an interview with Stef Penny, an award winning writer who had no ambition to write a book

Stef Penny’s first novel, The Tenderness of Wolves, was named the Costa Book of the Year in 2006, and Theakston’s Crime Novel of the Year, 2008. Her second novel, The Invisible Ones,  just came out last year. I chatted to Stef Penny yesterday at the Edinburgh International Book Festival just before her event. I want to thank her again for her time  and for being so honest about her life as writer.

Q: The American writer Cynthia Ozick said, “If we had to say what writing is, we would describe it essentially as an act of courage.” Do you think it takes courage to write and if so, how much courage did it take you to start writing?

What a big question? It could be. In some ways. But I started writing as a screen writer, which feels far less personal. It’s not such an exposing form of writing because there are so many people involved in (or interfering with) the production of a screen play.

It was never my ambition to write a novel. I only did it because I was really desperate and really short of money. Commissions had dried up. The idea for the novel grew out of a sequel to a screen play I’d written. I ended up with characters who’d been emigrated to Canada from the Clearances. I’d always thought I’d go back to them. The story I wanted to do was too complex for a screen play format, so I thought I’d write a novel. It didn’t really take courage. I thought I’d just try. I didn’t even know if I’d finish it or if anyone would read it. That book became The Tenderness of Wolves. It takes more courage when you can’t hide or pretend that the writing of your book is a rumour, when everyone is waiting for you to finish.

Actually, I’ve  just finished reading Cynthia Ozick’s novel Foreign Bodies. Thinking about it, some kinds of writing may require more courage than other kinds. Genre fiction may possibly be easier because you have a well recognised structure or format to follow, laid down over time. It’s not all about you. Although, inevitably, whatever you’re writing, you’re putting yourself into the writing and that takes courage.

Actually writing requires far less courage than doing an event at the EIBF!

Q: If you were offered the chance to travel in a time machine, what time period would you chose to travel to?

Hm? Another potentially big question? Hm? Not to the future. I’d like to go where I learn something but not be in danger. I’m really interested in 19th century China at the moment, it’s quite amazing. Maybe there.

Q: Did you like school?

I hated school and was a very angry teenager. I think a lot of me still is an angry teenager. I don’t think I was particularly nice to teach. I was both scared of the authority of the teachers I had and respectful of it, but that was the way I was brought up. I knew I shouldn’t be respectful of some of them because some of them weren’t particularly intelligent and didn’t deserve my respect. The thing I remember most about school was my rage.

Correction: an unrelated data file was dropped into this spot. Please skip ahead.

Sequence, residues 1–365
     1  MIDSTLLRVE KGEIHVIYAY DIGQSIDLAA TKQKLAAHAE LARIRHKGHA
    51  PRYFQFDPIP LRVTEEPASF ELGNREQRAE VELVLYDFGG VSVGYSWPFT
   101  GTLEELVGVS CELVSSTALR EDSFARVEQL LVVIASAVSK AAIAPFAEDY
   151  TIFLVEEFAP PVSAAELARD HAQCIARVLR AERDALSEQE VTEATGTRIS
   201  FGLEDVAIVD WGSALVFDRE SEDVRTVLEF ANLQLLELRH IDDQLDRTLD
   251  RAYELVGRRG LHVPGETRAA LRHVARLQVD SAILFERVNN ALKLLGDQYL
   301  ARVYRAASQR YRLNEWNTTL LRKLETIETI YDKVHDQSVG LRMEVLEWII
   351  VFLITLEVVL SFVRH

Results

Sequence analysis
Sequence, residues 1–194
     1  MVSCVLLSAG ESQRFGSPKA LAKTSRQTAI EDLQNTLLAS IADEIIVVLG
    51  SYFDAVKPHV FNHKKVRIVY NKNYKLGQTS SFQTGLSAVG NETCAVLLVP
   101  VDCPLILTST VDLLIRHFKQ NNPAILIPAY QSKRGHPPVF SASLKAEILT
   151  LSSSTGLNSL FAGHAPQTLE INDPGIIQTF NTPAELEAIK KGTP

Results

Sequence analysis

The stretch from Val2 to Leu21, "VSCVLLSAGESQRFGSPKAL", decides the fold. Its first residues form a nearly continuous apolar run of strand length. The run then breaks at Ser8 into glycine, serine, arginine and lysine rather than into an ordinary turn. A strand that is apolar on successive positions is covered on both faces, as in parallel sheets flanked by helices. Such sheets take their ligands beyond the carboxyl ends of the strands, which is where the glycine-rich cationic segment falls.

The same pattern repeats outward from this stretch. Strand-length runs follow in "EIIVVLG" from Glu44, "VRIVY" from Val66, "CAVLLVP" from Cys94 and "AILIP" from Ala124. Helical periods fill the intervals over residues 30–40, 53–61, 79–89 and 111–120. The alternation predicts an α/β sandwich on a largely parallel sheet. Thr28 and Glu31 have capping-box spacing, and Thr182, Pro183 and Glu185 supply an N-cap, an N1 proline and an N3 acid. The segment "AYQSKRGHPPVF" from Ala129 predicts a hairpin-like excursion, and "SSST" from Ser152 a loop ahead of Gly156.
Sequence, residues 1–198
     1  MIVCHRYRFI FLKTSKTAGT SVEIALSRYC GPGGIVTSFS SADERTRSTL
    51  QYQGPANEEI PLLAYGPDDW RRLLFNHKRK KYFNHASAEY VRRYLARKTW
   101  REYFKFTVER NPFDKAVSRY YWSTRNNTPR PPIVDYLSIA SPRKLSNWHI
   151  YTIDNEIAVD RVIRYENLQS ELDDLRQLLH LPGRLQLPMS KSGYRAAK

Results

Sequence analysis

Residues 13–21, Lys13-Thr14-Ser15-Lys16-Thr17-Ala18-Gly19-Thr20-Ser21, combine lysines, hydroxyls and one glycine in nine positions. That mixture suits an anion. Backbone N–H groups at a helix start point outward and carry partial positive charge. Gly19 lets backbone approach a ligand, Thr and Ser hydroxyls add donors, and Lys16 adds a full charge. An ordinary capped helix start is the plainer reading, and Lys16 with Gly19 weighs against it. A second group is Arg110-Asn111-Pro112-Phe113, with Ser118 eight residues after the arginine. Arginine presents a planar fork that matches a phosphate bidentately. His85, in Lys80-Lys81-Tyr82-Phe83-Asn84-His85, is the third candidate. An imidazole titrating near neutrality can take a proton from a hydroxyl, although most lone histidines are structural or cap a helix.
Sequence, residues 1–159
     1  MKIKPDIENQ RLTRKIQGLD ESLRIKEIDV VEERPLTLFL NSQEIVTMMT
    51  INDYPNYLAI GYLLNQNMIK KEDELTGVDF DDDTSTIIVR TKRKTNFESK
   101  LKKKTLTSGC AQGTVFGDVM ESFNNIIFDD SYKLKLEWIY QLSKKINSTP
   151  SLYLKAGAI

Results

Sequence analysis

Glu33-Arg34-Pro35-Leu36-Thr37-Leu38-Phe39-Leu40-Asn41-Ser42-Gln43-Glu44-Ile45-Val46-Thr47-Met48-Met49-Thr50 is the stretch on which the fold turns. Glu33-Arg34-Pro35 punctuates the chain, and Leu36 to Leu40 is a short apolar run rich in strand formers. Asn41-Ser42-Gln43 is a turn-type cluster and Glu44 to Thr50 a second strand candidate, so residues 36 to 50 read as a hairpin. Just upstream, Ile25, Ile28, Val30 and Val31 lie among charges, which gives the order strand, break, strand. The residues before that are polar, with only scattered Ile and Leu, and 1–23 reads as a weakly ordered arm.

Q: How do you keep sane as a writer?

I love the life of writing. I’m good when no one’s telling me what to do (see earlier about when I was at school – ha ha ha!). I’m not a workaholic. I’m good at the work-life balance. Maybe  I’m just lazy. I don’t really work that hard. There’s been five years between novels and people say that’s a long gap. But it doesn’t feel that long to me. I also write for radio and I might go back to screen plays. Going into another medium is really good for your sanity. When writing books you’re putting yourself out there. It’s all up to you and your totally responsible for the end product. Radio adaptations are about immersing yourself in someone else’s story. I love it. If you work with a good team it’s brilliant.

Q: Any regrets?

I can’t think of anything. Although, I would have liked to have gone to art school. I may still do so!

Q: What are you most proud?

If I could tap dance, I’d be proud of that, but I can’t. Actually, I’m incredibly proud of my books.

Q: Do you have a fictional character you admire?

Yes, a few. But I especially like Modesty Blaise. My latest radio adaptation is of a Modesty Blaise novel. I want everyone to love it, so it feels very  personal. She is a complete action fantasy figure.  Good to aim for, don’t you think? She has all the courage that I don’t have.

Modesty Blaise comic

A thank you to Clicket and the EIBF for the ticket to Stef’s event. Stef gave a mesmerising reading from The Invisible Ones. She also said she’d felt a lot of pressure to write a successful second book after writing a successful first novel. She talked about how much she loved writing and how she never wanted it to stop, but that she hated editing: she likened editing to having to cutting the limbs of one’s child. The chair of the event, Peter Guttridge, asked her if she realised “she’d pushed the edge of the crime form” and Stef said she simply writes what she enjoys. Finally, she’s adapted Melville’s Moby Dick and the story of Scott of the Antarctic  for radio. She needs no specific environment to write in and often writes in cafes in East London where she lives.


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2 Responses to an interview with Stef Penny, an award winning writer who had no ambition to write a book

  1. Excellent interview! I like the idea of jumping between types of writing.

    • Marianne Wheelaghan says:

      I like that idea too. It sounds like it could be refreshing. I thought it interesting that Stef said she thought of herself as “lazy” because she seems to work really hard to me! Thanks for comment :)

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